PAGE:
When I got this review copy of Amberlough in the mail, I was immediately interested. Sexy 20s style cover art? A dashing playboy spy trying to save his smuggler lover? Yes, please! For the first third of this book I was enjoying a story that was bright but gritty, fast but deep, and full of flawed characters that I got invested in rather quickly.
I make bad life choices sometimes.
First off, let me say that this book is quality literature. There are a few weak spots where something important isn’t exactly explained like (highlight for spoilers) when a character gets some fingers cut off but the book never specifies how many. Other than that it’s a tight, well-crafted story. Lara Elena Donnelly knows her stuff. It’s hard to believe this is her debut novel; she knows right where to hit the reader for maximum feels.
Amberlough is the story of Cyril DePaul, a secret agent who is a bit too attached to a smuggler he’s meant to be investigating. Aristide Makricosta is a smuggler by night and works at a cabaret by – well, by night also, but a bit earlier in the evening. He’s a busy guy. Cordelia is a dancer at the Bumble Bee burlesque where Aristide works as well, as one of the runners for his smuggling trade.
They live in the riotously baroque, amiably corrupt Amberlough. A “conservative” political party is trying to force the four states of the loose confederacy Amberlough is part of into one unified nation. There’s no hiding that the Ospies are inspired by the Nazis, though this story is set in a 1920s-flavored world, so it’s not a perfect comparison. They check all the bad guy boxes: violent, homophobic, demanding unity at the cost of individuality, and oppressively opposed to anything that a reasonable person considers fun.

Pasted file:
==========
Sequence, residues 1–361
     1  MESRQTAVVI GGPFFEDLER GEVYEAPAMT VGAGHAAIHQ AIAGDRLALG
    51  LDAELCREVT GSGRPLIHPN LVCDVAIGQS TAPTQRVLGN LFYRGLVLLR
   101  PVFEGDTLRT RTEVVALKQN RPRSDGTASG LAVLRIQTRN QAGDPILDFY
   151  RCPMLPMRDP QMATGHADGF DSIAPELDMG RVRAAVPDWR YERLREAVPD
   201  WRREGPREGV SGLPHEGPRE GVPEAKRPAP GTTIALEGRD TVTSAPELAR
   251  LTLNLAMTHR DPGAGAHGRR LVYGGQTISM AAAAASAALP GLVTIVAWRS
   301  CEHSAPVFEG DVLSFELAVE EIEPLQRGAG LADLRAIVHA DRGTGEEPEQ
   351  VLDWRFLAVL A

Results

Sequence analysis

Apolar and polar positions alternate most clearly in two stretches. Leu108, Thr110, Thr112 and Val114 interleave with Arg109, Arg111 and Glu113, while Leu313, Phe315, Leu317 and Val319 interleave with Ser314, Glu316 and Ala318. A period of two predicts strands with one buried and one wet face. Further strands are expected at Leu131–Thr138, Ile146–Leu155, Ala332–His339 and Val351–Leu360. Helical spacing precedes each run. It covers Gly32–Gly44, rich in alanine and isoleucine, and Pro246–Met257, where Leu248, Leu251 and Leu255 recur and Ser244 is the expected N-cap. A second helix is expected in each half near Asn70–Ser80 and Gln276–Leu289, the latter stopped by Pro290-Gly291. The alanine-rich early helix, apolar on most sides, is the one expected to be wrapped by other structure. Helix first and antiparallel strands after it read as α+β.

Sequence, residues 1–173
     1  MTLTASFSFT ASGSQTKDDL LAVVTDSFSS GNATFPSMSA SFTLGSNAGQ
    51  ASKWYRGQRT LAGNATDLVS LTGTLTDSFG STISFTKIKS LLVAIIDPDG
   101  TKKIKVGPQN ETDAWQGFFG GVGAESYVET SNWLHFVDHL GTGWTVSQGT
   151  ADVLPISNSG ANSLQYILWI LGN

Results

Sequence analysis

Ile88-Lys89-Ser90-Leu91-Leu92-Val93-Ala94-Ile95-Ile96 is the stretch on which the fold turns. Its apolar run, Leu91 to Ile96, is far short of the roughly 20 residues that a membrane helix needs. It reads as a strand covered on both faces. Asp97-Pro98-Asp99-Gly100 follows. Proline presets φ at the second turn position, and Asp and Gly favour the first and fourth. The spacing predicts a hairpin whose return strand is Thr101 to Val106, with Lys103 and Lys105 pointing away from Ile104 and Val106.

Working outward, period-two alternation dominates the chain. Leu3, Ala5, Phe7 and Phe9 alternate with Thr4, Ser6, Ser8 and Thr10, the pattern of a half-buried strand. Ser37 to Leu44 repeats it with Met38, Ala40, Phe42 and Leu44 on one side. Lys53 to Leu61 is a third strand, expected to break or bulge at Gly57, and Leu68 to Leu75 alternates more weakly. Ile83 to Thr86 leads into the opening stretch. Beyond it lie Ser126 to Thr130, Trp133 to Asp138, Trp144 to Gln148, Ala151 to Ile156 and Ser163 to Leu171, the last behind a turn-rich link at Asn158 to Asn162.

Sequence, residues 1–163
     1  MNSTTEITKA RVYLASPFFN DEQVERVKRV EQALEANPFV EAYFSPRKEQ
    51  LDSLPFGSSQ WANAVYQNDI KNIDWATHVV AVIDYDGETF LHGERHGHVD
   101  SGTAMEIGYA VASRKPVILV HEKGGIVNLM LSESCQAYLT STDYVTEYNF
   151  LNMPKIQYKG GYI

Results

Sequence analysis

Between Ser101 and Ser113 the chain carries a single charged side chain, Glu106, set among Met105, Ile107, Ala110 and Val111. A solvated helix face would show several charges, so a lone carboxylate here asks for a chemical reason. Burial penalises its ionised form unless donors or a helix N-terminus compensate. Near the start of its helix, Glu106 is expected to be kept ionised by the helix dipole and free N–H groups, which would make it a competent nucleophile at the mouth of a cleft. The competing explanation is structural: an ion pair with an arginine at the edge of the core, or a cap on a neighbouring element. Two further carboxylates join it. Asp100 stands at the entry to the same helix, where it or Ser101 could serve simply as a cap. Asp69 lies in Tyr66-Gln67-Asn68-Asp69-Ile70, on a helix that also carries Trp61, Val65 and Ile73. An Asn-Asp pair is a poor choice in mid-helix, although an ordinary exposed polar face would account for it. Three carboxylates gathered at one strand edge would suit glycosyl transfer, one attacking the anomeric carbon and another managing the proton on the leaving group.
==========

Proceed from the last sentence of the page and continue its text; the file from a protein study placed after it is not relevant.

Cyril sets out on a mission to find evidence that might head this off at the pass. It’s his first mission back in the field after a near-death experience, though, and it does. Not. Go. Well.
As I said, the writing here is amazing. Donnelly is skilled with dialect: each region’s slang feels genuine and her characters are easily understood even when using bizarre cover terms. The twists and turns are also satisfyingly dense. It’s an excellent spy thriller.
What threw me entirely out of this story is – well, do you remember reading A Game of Thrones back in the day before we knew the glorious pain that is A Song of Ice and Fire? “Man, what a pickle, how are they going to get out of… oh…” This is the same thing. The good guys hurt each other for ridiculous reasons, the bad guys are almost always a step ahead, and all that is good and light in Amberlough is ground inexorably beneath the heel of a fascist regime.
This is a rather timely book, given what’s happening in America. I would even go so far as to suggest it’s an important book. It will make you think about people, about the ties that connect them and what might break those ties. You’ll also look differently at some political trends, too (I hope).
The tl;dr here: If you’re the kind of person that sees tags like “major injury to a main character” or “no happy endings here people” and doesn’t immediately close the tab with a funny cramp in your stomach, go right now and buy this book. You’ll love it.
My own misery aside, a few days ago Donnelly announced there are two sequels planned. Two! I’m not sure if I personally have the fortitude to tackle a sequel without knowing if I’ll have to spend another afternoon parked in front of Yuri On Ice with some cocoa. The writing, though… the writing was so good I just might risk it.
Have you read Amberlough? Do you need an emergency delivery of blankets and pork dumplings? Share your opinion in the comments section below!
Khai is a writer, anthropologist, and games enthusiast. She is co-editor (alongside Alex DeCampi) of and contributor to “True War Stories”, a comic anthology published by Z2 Comics. When she’s not writing or creating games, Khai likes to run more tabletop RPGs than one person should reasonably juggle.
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